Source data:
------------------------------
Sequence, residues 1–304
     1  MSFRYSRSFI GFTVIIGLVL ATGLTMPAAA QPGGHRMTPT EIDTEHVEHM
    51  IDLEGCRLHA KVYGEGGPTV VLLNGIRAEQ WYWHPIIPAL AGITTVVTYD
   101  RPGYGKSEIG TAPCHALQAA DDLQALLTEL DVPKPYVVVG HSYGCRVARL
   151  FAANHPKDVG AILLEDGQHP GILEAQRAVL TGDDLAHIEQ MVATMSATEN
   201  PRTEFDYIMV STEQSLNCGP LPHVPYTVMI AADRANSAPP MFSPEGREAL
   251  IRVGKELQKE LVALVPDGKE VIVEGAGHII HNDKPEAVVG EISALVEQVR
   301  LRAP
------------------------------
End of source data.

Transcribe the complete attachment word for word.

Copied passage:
Sequence, residues 1–304
     1  MSFRYSRSFI GFTVIIGLVL ATGLTMPAAA QPGGHRMTPT EIDTEHVEHM
    51  IDLEGCRLHA KVYGEGGPTV VLLNGIRAEQ WYWHPIIPAL AGITTVVTYD
   101  RPGYGKSEIG TAPCHALQAA DDLQALLTEL DVPKPYVVVG HSYGCRVARL
   151  FAANHPKDVG AILLEDGQHP GILEAQRAVL TGDDLAHIEQ MVATMSATEN
   201  PRTEFDYIMV STEQSLNCGP LPHVPYTVMI AADRANSAPP MFSPEGREAL
   251  IRVGKELQKE LVALVPDGKE VIVEGAGHII HNDKPEAVVG EISALVEQVR
   301  LRAP